Transitioning to a Clean Energy Future
For many, transitioning to clean energy is about mitigating the impacts of climate change while for others it simply makes economic sense. Polls show climate change is becoming a top issue for Minnesota voters. We’re working to find common ground solutions to increasing clean energy while protecting our land and water from climate change-causing pollution.
Today, wind and solar are the cheapest forms of new energy. In a state without coal or natural gas resources, wind turbines and solar technology allow Minnesota to create our own energy. Good paying clean energy jobs can be found in communities throughout Minnesota, and nearly 60,000 Minnesotans work in this sector.
Clean energy is one of the fastest growing sectors of Minnesota's economy.
Conservation Minnesota was instrumental in passing our state’s nation-leading Renewable Energy Standard in 2007. The bipartisan bill required Minnesota’s utilities to meet a goal of getting 25% of our electricity from clean, renewable sources such as wind and solar by 2025. And by 2017, Minnesota received 25% of our electricity from renewable sources, proving that when given a goal, Minnesotans can find innovative solutions to meet our needs.
In the next twenty years, aging power plants—that produce 70% of Minnesotan’s electricity—will need to be refurbished or replaced. We’re currently working on an initiative called Clean Energy First that would require utilities to invest in clean energy technologies whenever it is reliable and affordable.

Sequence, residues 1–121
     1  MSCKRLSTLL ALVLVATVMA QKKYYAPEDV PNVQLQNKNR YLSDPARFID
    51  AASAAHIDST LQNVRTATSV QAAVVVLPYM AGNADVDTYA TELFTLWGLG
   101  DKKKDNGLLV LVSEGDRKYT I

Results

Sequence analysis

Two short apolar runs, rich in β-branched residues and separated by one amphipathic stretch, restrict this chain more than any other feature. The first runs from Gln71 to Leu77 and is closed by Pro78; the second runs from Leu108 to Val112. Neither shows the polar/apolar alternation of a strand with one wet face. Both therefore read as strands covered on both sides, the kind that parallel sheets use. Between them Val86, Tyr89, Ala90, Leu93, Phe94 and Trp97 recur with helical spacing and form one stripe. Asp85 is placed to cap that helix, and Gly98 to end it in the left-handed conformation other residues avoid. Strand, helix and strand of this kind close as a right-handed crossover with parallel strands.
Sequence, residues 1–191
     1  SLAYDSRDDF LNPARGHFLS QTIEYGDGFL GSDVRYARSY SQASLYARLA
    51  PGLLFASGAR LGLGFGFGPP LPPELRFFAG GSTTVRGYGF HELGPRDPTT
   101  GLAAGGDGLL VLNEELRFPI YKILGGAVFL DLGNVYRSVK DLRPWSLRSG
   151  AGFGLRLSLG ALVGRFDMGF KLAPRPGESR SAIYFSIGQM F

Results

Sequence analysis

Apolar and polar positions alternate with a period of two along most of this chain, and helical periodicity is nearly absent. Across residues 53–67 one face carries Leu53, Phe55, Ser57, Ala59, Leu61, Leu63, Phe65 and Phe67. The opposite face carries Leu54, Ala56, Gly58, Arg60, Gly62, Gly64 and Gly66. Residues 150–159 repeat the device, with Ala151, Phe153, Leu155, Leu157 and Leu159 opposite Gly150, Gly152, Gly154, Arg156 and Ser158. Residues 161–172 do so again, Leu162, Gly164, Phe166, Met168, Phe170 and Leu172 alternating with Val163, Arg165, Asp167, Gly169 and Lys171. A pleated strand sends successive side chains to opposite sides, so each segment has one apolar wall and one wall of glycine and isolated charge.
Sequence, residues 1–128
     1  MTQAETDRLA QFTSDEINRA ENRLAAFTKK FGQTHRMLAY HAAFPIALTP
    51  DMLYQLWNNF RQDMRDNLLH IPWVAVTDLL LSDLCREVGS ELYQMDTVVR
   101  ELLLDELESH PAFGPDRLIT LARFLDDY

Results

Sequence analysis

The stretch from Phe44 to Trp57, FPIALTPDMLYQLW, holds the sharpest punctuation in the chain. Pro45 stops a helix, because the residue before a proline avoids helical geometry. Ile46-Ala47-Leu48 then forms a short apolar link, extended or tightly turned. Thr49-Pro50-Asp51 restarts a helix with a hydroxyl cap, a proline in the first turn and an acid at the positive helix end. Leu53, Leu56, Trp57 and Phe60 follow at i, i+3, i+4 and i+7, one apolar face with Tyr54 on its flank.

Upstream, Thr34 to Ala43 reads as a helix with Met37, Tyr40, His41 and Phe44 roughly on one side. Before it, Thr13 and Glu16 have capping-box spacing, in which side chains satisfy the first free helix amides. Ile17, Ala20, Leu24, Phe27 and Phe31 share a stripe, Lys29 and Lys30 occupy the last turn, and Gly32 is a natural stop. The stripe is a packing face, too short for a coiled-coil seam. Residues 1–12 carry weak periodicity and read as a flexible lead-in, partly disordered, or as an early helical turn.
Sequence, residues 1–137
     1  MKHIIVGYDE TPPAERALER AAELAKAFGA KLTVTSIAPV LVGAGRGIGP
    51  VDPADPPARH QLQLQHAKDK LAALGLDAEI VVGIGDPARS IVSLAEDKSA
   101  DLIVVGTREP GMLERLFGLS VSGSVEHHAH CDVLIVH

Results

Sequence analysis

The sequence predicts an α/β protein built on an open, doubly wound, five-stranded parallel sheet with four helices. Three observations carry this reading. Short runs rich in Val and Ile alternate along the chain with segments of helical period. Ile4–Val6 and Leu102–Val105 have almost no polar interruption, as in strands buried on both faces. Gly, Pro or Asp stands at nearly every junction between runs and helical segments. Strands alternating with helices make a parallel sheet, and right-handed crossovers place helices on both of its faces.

As energy utilities continue to transition to clean energy, our transportation sector has some catching up to do. Transportation is now the leading source of climate change-causing pollution in Minnesota. Conservation Minnesota supports the Clean Cars Minnesota initiative to increase the number of electric vehicles on Minnesota roadways.
Clean Energy First is the common sense approach to transitioning our energy systems to clean, affordable energy. Minnesota is undergoing a massive energy transformation. Between now and 2040, over half of our current electricity generation, comprising 95% of Minnesota’s greenhouse gas emissions, will likely be outdated and not cost competitive.
Clean Cars Minnesota is an initiative to tackle climate pollution and decrease Minnesota’s emissions of greenhouse gases. It’s comprised of a new package of vehicle emissions standards that will reduce transportation pollution and improve the options Minnesotans have for buying zero- and low-emission vehicles.
Energy conservation programs help Minnesotans save money and energy, reduce pollution, and create jobs. The bipartisan ECO Act makes smart improvements to the state’s current program by supporting a greater range of technology and fuel choices.